Chapter 6: Talking with the groundswell
- Marketing is shouting; talking is a conversation
- CASE: Blendtec’s viral video
- CASE: Ernst & Young recruits with Facebook
- CASE: HP blogs tame marketing complexity
- ROI of blogging
- CASE: Procter & Gamble reaches out to young girls with beinggirl.com
Feature Video: How to have profitable conversations - blogging for business, yourBusinessChannel
0:20 Blogging creates conversations, creates credibility, content varies. Don't shout, don't tow the company line.
1:17 New to blogging? Learn from these "gurus". Lot's of good tips here. Don't shout. Tell a story and create conversations. Create content that is meaningful.
3:44 Importance engagement, being authentic and responsive.
What I learned:
1) The power of YouTube!
No experience in consumer marketing? No experience in producing television commercials? Neither did George Wright from Blendtec. When he saw how they tested their product by blending pieces of wood he knew that people had to see this! He thought, let's put the owner of the company in a lab coat and show him blending wood, dictionaries, iPhones, GPS devices etc. Let's make it a bit "campy" and throw it up on YouTube! Tom, the owner, embraced this idea! He didn't run from it. That's probably the most amazing part of this story. The leader got involved and embraced the idea.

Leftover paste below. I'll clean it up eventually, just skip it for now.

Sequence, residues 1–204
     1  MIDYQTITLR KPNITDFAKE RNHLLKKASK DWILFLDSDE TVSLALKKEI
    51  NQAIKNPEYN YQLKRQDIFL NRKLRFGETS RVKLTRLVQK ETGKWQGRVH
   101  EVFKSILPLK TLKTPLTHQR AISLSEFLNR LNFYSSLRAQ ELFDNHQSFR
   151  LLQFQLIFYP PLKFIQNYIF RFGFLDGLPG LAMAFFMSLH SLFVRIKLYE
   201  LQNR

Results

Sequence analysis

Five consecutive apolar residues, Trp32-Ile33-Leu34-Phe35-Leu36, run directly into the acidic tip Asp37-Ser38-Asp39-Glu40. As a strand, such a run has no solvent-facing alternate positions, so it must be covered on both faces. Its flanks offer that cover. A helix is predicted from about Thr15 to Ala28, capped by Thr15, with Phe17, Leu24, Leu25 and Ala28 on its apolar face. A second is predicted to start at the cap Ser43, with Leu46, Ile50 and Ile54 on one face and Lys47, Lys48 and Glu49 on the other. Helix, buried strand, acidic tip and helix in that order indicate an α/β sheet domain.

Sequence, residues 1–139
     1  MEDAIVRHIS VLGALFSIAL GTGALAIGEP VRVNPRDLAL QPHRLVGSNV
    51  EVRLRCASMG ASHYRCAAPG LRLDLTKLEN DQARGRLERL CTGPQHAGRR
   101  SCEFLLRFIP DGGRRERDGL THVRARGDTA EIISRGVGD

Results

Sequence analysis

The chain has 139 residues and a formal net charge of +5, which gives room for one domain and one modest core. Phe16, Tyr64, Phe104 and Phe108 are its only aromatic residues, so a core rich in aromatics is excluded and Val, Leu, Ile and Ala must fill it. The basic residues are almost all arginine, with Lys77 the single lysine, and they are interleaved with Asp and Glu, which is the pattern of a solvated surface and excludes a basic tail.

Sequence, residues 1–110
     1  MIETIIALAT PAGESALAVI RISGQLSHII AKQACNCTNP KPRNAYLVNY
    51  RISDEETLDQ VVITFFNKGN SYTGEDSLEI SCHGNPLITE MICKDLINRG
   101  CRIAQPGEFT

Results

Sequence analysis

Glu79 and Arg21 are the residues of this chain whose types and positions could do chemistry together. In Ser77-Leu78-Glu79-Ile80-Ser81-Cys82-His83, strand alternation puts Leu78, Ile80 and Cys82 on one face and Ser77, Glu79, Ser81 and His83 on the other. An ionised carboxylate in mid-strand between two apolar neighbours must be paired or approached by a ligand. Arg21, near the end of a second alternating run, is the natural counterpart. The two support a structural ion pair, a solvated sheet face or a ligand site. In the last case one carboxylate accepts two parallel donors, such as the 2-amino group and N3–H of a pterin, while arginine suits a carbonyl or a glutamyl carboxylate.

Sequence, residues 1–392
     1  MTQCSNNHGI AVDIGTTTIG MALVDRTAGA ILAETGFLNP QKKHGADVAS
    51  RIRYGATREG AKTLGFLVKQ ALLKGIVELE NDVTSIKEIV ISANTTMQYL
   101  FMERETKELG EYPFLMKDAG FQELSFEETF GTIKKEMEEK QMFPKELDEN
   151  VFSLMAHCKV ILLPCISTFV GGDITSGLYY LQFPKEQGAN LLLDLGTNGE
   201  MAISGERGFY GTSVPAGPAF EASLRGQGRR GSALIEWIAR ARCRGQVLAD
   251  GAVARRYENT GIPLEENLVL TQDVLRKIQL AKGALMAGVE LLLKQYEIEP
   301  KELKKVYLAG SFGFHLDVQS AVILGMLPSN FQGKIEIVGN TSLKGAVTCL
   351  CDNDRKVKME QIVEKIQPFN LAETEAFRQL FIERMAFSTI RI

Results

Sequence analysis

2) Shouting vs. Talking
Broadcasting your message as loud as you can and to as many people as possible is shouting. Talking creates conversation. Conversations, at the least the good ones, are meaningful exchanges of information. You're not on a stage blurting out rhetoric. You're amongst a group of people engaging in dialogue. The key, is to create and share content through social media and participate in open and honest conversations.
If you want to engage in conversation through social media you must be committed for the long term. Your company must be committed to it. What does this mean? It means committing resources (people, money and time) permanently. It means culturally and strategically embracing social media as a channel to communicate, share and converse. And be open.
4) You may be surprised!
Be prepared to experiment and accept that as you begin talking and the groundswell begins to grow it will likely evolve into something you never expected. This is a good thing! Let it happen. Remain open, honest AND committed to making your social media experience rewarding for you and your customers.